OS X & IOS: BEST FRIENDS FOREVER
Apple, the company who just spent US$3 billion out of its US$159 billion cash reserves to acquire headphone maker and music streaming newcomer Beats, recently concluded its 25th Worldwide Developers Conference (WWDC) at San Francisco. Historically, WWDC was seldom the stage for new hardware announcements, and the trend continued this year.
But it’s a totally different story on the software side of things. The Mac and iPhone maker announced new versions of OS X and iOS (both due this fall), and both are overflowing with new features for end users and app developers. Like many others, we’re are dazzled by OS X’s newfound ‘translucent materials’, exhilarated by iOS’ long awaited openness, and excited with Swift, the new programming language for OS X and iOS - but simultaneously, it’s clear to us too that this WWDC was significant on another level. This was the WWDC where the king allayed the fears of his people, rallied the troops, and waged war on the enemies all at the same time.
Predictably, Apple’s next Mac operating system, OS X 10.10 Yosemite, sports a major redesign reminiscent of last year’s iOS 7 redesign. The focus on ‘clarity and utility’ basically means a flatter look, with more than a dash of translucency effects, as well as brighter and louder colors. Some examples: the dock is now back to 2D; you get a sense of what’s underneath when a translucent Finder window overlay another; the default folder icon’s color is an eye-hurting bright blue; and the Safari browser is stripped of most of its chrome. Even the system font isn’t spared, with long-time steward Lucida Grande making way for the thin Helvetica Neue that’s already in use in iOS 7.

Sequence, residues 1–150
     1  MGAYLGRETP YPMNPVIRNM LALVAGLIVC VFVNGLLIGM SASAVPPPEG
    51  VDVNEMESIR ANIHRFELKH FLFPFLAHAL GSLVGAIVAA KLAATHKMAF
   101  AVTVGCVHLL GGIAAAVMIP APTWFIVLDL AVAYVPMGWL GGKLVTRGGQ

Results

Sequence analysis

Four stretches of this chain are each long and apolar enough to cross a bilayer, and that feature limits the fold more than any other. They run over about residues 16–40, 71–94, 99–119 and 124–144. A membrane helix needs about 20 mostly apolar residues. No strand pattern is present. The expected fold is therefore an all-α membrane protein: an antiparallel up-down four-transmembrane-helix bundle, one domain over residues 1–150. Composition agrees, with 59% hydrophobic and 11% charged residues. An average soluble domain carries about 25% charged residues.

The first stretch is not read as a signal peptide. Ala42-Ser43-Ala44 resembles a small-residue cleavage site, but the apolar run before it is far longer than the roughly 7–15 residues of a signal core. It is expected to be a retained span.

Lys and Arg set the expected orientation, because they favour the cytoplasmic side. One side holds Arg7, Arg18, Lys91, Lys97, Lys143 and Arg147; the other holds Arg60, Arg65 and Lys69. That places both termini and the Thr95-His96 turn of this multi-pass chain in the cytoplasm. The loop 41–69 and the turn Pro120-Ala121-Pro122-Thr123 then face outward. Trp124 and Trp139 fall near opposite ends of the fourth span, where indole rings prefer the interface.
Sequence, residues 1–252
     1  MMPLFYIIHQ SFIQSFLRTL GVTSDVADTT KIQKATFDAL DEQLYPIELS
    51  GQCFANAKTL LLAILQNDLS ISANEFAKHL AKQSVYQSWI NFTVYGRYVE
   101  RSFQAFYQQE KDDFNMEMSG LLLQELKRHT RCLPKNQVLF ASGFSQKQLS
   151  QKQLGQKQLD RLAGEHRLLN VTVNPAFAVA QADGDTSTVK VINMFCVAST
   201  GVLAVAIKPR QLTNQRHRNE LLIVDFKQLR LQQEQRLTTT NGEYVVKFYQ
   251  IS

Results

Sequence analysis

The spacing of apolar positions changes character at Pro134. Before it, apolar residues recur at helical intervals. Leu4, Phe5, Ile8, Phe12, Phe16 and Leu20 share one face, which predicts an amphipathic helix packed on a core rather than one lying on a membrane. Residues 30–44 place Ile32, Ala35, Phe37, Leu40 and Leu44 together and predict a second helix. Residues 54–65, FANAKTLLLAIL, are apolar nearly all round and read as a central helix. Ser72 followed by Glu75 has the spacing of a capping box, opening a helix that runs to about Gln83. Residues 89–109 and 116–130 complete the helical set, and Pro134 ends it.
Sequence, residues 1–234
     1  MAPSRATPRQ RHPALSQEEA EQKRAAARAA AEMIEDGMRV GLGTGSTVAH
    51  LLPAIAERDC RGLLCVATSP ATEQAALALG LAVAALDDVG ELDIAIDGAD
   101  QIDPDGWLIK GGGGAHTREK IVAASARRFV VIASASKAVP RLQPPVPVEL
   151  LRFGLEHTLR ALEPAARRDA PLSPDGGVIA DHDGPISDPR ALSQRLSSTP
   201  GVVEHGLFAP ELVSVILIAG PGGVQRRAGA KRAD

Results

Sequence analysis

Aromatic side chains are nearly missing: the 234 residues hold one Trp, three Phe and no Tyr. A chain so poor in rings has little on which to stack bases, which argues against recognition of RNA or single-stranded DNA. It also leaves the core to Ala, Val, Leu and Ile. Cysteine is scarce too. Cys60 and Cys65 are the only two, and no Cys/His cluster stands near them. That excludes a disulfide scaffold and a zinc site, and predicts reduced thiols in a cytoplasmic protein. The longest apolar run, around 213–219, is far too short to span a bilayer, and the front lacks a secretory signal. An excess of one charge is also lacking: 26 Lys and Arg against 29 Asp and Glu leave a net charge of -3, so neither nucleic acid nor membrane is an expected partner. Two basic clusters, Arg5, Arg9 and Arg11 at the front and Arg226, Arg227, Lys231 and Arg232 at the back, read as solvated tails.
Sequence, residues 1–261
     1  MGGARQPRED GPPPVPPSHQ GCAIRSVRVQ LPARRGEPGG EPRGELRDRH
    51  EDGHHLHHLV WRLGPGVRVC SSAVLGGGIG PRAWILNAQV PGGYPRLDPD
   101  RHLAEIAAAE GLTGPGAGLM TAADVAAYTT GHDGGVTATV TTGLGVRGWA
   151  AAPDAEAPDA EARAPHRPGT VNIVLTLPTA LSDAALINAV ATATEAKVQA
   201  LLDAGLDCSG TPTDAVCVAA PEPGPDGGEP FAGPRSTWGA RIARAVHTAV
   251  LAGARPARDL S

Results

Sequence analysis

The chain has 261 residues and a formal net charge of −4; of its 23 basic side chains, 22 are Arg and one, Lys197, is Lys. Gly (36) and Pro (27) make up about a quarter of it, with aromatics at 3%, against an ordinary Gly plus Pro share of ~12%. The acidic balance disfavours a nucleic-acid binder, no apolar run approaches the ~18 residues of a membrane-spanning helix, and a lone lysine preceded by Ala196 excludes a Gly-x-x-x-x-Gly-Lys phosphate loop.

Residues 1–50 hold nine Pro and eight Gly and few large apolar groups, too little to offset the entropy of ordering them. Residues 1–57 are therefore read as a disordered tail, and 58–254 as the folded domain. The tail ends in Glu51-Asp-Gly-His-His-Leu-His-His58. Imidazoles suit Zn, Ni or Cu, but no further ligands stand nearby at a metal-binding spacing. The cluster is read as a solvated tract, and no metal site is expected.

But Yosemite isn’t just about the looks; it also gains several new user-facing features. Notification Center adds a new Today view, just like iOS, allowing you to see everything that’s lined up for you today. More importantly, it supports widgets (e.g. a calculator), and you can add more once developers create them for their Mac App Store apps. In fact, widget support is also coming to iOS 8’s Notification Center.
Then there’s Spotlight, which now opens up the search window at the center of your screen, similar to Alfred, a popular third-party app launcher. But the redesign is more than skin deep: in addition to finding stuff on your Mac, Spotlight also leverages on online sources, such as Wikipedia, Bing, and Maps. And it even gives you inline previews. With Spotlight’s newfound super powers (also bestowed on iOS 8), Apple is giving you yet one more reason not to ‘Google’ for things or fire up Safari (or Chrome), which continues to support Google Search.
Many built-in apps are updated too. The most significant ones in Mail besides the usual promise of faster syncing performance is Mail Drop, which makes use of iCloud to allow you to ‘attach’ super-sized attachments (something like the Dropbox support you see in some email clients); and the ability to annotate documents, doodle on images, and fill out forms right in the email.
One of the biggest cheers in the keynote was reserved for iCloud Drive. As the name implies, this is iCloud gaining a Dropbox-like file system. Since it’s now a ‘drive’ (one of the entry points is through the Finder), you can put all kinds of files on it, organize them in folders, tag them, and all the changes will sync across your Mac, iOS, and Windows
devices. Sure, Dropbox/Google Drive faithfuls and geeks that regularly rotate between different platforms probably see no impetus to switch, but it’s a no-brainer for those who only use Apple products.